Is Verizon Wireless Sabotaging Older Cell Phones?

I have long had a Nokia 5180 phone (since Xmas 1998, to be exact). It was on its second battery, but eventually couldn't even keep that charged, and I finally decided, this past February, to claim on my insurance and have them send me a new one. Whaddaya know, there's a $50 deductible that nobody ever mentioned to me. OK, fine, here's my credit card number, send me the damn thing.

They didn't have any more 5180s, so they sent me a 5185i. Fine so far, except that this one had the exact same problem as my old one: you turn it on, it lasts three seconds and shuts down. Besides which, it had a manufacturing date somewhere in 2000. I send this back and they send another; this one at least has a sticker saying it's a refurb with a date of 5/04, so at least I know they haven't just sent me someone else's old broken phone.

Fast forward six months. I'm standing there with the phone in my shirt pocket, minding my own business, when the thing beeps. I look at the screen to find the legend "Invalid roaming list", with a stop sign, after which it says "Searching for service" and stays that way. I call

611 (from my wife's phone) and ask what's up, and they tell me it needs to be flashed. Finally get to a Verizon store, leave it there for an hour, come back and find that, like about 50% of the phones with this particular failure mode, it has failed to accept the flash.

The following conversation resulted. Me: What now? Them: How would you like to buy a new phone? Me: What of this New Every Two that you advertise? Them: You aren't eligible. Me: Why not, I've had this same phone for six years? Them: But you never had a two year contract. Me: (walks out).

So I called Asurion (the insurance carrier) back, and told them that the phone they sent me has crapped out. Them: Sorry, you only have a six month warranty on refurbs, and you got that one six months and eighteen days ago. Me: WTF, was there a countdown timer in it that told it when to break? Them: You can file a new claim if you want. Me: I don't want, as that would cost me another $50 deductible. Them: Sorry, can't help you. Me: Lemme talk to a supervisor.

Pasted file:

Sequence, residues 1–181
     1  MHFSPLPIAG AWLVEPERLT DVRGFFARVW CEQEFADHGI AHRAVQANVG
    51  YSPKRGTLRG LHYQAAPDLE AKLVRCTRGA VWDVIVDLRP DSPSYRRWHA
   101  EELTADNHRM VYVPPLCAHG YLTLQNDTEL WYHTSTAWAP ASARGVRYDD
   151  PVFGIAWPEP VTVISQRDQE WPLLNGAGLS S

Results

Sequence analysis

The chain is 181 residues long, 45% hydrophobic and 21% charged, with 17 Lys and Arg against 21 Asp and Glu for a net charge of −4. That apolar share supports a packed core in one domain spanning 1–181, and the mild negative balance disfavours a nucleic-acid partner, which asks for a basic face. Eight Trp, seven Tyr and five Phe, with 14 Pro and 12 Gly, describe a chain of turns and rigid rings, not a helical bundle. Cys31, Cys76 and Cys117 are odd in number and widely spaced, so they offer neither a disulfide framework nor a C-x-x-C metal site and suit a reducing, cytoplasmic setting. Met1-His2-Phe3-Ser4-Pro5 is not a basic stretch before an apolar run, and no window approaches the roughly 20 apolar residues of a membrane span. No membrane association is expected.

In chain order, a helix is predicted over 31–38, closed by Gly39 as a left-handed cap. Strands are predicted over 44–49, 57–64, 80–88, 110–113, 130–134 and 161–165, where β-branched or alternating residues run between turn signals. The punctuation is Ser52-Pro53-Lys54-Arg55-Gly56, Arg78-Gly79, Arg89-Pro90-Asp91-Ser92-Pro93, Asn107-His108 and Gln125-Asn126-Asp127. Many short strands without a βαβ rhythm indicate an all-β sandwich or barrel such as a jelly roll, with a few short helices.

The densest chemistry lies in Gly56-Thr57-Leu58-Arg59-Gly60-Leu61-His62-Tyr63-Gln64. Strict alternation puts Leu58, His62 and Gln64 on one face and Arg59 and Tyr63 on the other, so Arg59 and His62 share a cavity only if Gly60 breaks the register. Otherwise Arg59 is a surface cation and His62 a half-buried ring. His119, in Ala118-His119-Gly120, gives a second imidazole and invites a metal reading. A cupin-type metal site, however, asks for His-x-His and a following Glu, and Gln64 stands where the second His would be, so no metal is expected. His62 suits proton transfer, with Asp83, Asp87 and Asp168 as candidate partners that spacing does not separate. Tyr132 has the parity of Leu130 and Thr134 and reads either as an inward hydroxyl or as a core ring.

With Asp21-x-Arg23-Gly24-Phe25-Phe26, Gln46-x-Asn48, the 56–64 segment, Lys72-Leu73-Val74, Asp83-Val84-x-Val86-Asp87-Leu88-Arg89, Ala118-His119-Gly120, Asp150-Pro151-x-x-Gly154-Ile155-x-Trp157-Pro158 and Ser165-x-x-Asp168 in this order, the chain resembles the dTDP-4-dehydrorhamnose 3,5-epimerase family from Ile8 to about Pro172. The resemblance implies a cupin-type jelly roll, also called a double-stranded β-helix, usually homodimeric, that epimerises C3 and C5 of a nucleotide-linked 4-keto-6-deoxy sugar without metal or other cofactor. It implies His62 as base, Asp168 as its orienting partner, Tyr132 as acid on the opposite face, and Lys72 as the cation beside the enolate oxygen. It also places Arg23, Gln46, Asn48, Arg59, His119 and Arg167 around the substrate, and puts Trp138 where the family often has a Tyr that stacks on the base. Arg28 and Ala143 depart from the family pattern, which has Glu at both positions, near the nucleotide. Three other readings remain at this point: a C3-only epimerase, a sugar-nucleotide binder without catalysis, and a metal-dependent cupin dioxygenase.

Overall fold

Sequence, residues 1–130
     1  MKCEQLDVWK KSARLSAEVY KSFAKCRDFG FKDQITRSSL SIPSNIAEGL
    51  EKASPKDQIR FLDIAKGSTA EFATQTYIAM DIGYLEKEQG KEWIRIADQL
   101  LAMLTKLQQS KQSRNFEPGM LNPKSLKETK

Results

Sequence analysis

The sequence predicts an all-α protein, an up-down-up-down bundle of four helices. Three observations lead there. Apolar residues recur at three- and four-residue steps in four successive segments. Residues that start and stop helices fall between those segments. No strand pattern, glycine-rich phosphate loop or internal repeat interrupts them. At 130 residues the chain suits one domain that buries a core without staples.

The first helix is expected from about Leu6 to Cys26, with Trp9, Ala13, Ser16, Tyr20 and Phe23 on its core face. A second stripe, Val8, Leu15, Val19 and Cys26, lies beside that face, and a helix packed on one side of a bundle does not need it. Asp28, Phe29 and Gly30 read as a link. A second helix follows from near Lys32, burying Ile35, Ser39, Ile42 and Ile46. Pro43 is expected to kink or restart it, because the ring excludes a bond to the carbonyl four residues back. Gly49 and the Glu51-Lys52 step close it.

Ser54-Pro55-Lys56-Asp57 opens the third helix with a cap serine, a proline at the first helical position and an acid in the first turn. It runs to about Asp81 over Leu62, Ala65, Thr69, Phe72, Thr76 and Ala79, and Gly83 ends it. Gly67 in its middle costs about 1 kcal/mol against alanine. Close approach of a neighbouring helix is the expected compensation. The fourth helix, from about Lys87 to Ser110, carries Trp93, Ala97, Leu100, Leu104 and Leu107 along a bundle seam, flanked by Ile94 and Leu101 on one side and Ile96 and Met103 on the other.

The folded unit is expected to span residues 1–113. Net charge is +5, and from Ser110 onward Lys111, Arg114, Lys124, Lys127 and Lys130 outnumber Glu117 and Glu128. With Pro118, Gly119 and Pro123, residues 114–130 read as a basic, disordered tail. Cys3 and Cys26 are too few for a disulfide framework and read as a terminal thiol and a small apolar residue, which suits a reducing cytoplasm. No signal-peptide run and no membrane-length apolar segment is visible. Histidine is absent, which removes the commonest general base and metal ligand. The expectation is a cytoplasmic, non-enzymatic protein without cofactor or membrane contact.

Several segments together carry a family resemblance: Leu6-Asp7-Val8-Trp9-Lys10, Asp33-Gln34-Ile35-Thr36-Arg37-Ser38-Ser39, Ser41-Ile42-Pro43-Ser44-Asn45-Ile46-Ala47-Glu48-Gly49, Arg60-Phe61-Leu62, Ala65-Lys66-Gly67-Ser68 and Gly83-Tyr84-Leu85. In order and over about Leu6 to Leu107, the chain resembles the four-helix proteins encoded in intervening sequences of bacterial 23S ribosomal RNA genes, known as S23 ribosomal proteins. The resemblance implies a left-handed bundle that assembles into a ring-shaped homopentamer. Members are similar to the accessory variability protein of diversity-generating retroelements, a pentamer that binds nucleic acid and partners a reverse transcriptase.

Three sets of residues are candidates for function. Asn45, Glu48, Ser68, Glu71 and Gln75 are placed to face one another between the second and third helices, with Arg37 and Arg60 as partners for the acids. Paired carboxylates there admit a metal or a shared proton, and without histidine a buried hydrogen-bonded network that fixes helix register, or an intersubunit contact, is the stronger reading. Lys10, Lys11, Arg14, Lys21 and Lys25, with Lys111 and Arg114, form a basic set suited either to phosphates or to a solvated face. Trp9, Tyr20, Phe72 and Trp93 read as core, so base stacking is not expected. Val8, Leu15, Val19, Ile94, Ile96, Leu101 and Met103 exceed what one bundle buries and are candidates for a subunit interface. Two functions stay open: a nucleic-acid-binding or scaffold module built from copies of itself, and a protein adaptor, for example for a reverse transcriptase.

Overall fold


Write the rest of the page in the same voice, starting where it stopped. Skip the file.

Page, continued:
Supervisor echoes the above. I point out that at $5/month for six years of premiums, plus the $50 they already got from me for the old phone, I've already paid in at least three times the cost of a new phone; besides, it was very likely that the phone they sent me was defective from the get-go, as the exact same thing happened a few months ago (but the flash worked that time). They check the records, find that in those six years I've only had the one claim, and tell me they're making an exception and sending me another new phone, but they have no 5185i's left either, so I'm getting a 6015i instead; received this last Friday, it works, so I'm set. It's too darn small, and the Select button is where the Clear button was on the old phone, plus the belt clip, car adapter, data cable and so on don't fit it, but these are minor annoyances.

Except that I did some go0gling over the weekend, and find that I'm not the only one with this particular phone failure, and it always seems to happen to the older Nokia phones, mostly on Verizon. There are two hypotheses advanced to explain this:

Hypothesis 1, the more innocent one: The roaming list has gotten so huge over the years, what with nationwide roaming &c, that the limited memory in these older phones wasn't enough, and the resulting overflow clobbered the phone's firmware. (As evidence, when I tried to put my phone in test mode (*3001#[security code]#), it crashed hard: screen blank, backlight on, random ticking noise in both earpiece and ringer, unresponsive to any keypress except to increase the rate of ticking. Geiger counter anyone? Removing the battery and replacing it cured this temporarily.)

Of course, this implies some stupidity on Verizon's part, as they know exactly what kind of phone each customer has, and *should* know the memory capacity of each type; if the phone is listed as one that can't handle the full roaming list, then send it an abridged version, and inform the customer that in some remote areas the roaming indicator will indicate improperly, due to the age of the phone, but the phone will otherwise function correctly. (Does the roaming list do

*anything* but tell the phone whether or not to light up the roaming indicator?)

Hypothesis 2, the more paranoid one: Some people have been suggesting that Verizon have been deliberately breaking these phones. The reason given is that they aren't E911 compliant, and if they were still functional, Verizon would have to *give* you another one in order to be in compliance with the minimum 85% that the FCC wants. Now that it's "broken", they can *sell* you another one, or lock you in to a new 2-year contract. (Note that this doesn't necessarily contradict the first theory.)

So: What do y'all think about this? Is there any evidence for one or the other scenario?

Shalom Septimus Reply-To: works. From: also works but isn't read much, if at all.

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Shalom Septimus
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